As we perform different tasks in the operation, we don’t step on each other’s toes. And, a few years ago, Peggy assumed ownership of our business. So, we are now a woman-owned business. The good news is that she hasn't’t fired me yet!
Why did you choose Barrington to run your business? What do you like about the area?
George: The whole Barrington area is very large and very strong in commercial opportunity. Many companies are headquartered in the northwest suburbs. Barrington can almost be considered the hub of the northwest commercial area with Crystal Lake, Wauconda, and McHenry to the north and Schaumburg, Hoffman Estates, Palatine and Elgin to the south. It’s just a good location for our type of business. We even have easy access via train or expressway to reach our Chicago customers.
Peggy: The other thing great about the Barrington area is the “small town” feel and the opportunity to be close to nature, particularly in the outlying area just outside of Barrington village.
Why did you start making donations to the veterans?
Peggy: When I joined a Chamber networking group a few years back I met Ken Hauser who was, in his spare time, a chaplain for a Veterans of Foreign Wars chapter. He gave some of his time to the veterans in the VA hospitals.
Ken became aware through our networking group that we sold calendars and little gift items as well as clothing. He asked me if we ever had samples left over and, if we did, could we donate them to the Vets. We thought that that was a great idea so we started to donate to “Operation Christmas Cheer.”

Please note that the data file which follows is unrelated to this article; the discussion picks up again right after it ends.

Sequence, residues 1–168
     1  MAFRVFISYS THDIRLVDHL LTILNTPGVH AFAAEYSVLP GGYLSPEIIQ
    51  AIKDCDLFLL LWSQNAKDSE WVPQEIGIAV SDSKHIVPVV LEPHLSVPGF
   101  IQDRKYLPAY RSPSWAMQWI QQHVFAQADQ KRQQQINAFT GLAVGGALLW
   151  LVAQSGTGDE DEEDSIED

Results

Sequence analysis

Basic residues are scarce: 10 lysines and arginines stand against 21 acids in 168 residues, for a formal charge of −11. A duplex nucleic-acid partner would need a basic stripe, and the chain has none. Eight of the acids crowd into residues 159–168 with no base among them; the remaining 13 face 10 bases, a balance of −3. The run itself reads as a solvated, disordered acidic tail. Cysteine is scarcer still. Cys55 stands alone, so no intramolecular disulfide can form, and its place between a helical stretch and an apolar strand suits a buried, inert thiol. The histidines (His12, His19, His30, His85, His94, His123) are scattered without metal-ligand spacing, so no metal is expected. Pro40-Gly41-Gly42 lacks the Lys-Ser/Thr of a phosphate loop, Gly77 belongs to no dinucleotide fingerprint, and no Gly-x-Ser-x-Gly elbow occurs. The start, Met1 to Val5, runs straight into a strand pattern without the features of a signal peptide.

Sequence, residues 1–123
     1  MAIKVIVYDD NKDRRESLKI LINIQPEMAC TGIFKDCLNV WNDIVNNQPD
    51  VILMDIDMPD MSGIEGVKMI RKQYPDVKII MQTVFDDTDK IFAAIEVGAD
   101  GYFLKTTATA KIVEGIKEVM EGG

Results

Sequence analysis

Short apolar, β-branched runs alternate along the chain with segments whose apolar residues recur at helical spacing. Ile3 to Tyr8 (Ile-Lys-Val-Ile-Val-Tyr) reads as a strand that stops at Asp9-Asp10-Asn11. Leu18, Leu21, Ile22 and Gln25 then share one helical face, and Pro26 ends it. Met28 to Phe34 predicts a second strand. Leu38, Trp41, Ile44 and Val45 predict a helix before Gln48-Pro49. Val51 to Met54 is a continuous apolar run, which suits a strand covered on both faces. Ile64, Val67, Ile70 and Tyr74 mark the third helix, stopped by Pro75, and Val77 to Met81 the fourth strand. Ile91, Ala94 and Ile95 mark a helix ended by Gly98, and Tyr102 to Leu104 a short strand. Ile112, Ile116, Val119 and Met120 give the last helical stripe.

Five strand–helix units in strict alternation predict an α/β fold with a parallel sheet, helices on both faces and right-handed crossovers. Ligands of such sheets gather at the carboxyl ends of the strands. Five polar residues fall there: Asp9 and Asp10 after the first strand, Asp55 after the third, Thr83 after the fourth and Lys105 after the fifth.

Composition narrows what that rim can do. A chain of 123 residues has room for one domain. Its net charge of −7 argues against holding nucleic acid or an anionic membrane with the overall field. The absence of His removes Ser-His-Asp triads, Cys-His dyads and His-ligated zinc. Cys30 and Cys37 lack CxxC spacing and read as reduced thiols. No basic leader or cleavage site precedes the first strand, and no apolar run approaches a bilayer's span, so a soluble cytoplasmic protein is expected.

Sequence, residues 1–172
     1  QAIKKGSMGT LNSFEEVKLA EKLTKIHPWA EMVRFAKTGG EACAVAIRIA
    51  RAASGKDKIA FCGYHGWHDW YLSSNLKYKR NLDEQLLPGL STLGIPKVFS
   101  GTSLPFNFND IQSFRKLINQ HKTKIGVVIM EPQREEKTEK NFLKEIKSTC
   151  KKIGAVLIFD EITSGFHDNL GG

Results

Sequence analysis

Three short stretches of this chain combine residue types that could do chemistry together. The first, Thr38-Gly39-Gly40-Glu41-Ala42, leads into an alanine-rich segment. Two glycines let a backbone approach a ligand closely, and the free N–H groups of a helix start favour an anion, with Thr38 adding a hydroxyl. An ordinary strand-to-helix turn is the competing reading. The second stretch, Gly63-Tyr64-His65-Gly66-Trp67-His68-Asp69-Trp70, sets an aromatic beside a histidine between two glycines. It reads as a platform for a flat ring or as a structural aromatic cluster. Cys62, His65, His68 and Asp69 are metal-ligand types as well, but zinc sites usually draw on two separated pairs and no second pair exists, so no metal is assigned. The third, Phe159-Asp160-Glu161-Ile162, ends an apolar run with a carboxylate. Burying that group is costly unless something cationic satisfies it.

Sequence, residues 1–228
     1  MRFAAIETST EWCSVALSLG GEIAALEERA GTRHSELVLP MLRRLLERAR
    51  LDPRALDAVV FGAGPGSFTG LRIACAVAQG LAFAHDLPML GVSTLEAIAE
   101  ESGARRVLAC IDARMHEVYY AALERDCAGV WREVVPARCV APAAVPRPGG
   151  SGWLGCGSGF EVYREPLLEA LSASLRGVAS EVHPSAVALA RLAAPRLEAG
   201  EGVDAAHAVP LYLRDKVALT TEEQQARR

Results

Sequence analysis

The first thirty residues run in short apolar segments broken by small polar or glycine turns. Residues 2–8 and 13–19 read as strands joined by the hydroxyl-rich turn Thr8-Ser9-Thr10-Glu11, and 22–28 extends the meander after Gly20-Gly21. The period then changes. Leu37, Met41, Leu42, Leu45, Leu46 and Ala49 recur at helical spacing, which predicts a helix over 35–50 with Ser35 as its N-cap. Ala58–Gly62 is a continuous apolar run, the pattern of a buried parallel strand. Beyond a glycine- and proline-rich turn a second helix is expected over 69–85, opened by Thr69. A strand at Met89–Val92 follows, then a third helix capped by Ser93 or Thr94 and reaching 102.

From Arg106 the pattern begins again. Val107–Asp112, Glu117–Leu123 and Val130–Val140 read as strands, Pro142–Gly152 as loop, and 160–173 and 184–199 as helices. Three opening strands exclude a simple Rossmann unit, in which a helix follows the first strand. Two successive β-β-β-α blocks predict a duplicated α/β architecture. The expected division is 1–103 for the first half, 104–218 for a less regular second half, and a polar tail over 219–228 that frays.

Last holiday season, we just didn't’t have much left in terms of samples to offer the vets. So, I had the idea to contact some of our close suppliers to see if they could help with overruns, misprints or discontinued items. Ordinarily these items might simply be discarded. We were amazed with the support we received. We got 100 blankets from one source, pens, mugs and lots of other items from other factories. Lots of boxes were delivered to our doorstep. Ken got the items to the vets in time for the holidays. The veterans have lots of fun trading the various items back and forth among themselves.
Tell us about the award you received. How did it feel to be recognized for your efforts?
George: When Peggy got the call from Ken about the award she was shocked. We did not think that this small gesture was worthy of any kind of an award. But, we are pleased, of course, to be recognized by the VFW. The award is on the wall right near Peggy’s desk.
What do you like about being involved with the veterans?
Peggy: The vets are so appreciative. Even small gifts such as these can help brighten their day. Even though there might be a mix of items – just a dozen of this and two dozen of that and 100 of another, they accept the gifts graciously. Ken introduces the gifts to the vets as “Heinz 57 Varieties.”
George: It has been great working with Ken Hauser of the VFW. He deserves a lot of credit for the volunteer work he does as chaplain. The award should really go to him.
What has been your best experience so far?
Peggy: Just knowing that these small gifts make a difference in the vet’s day.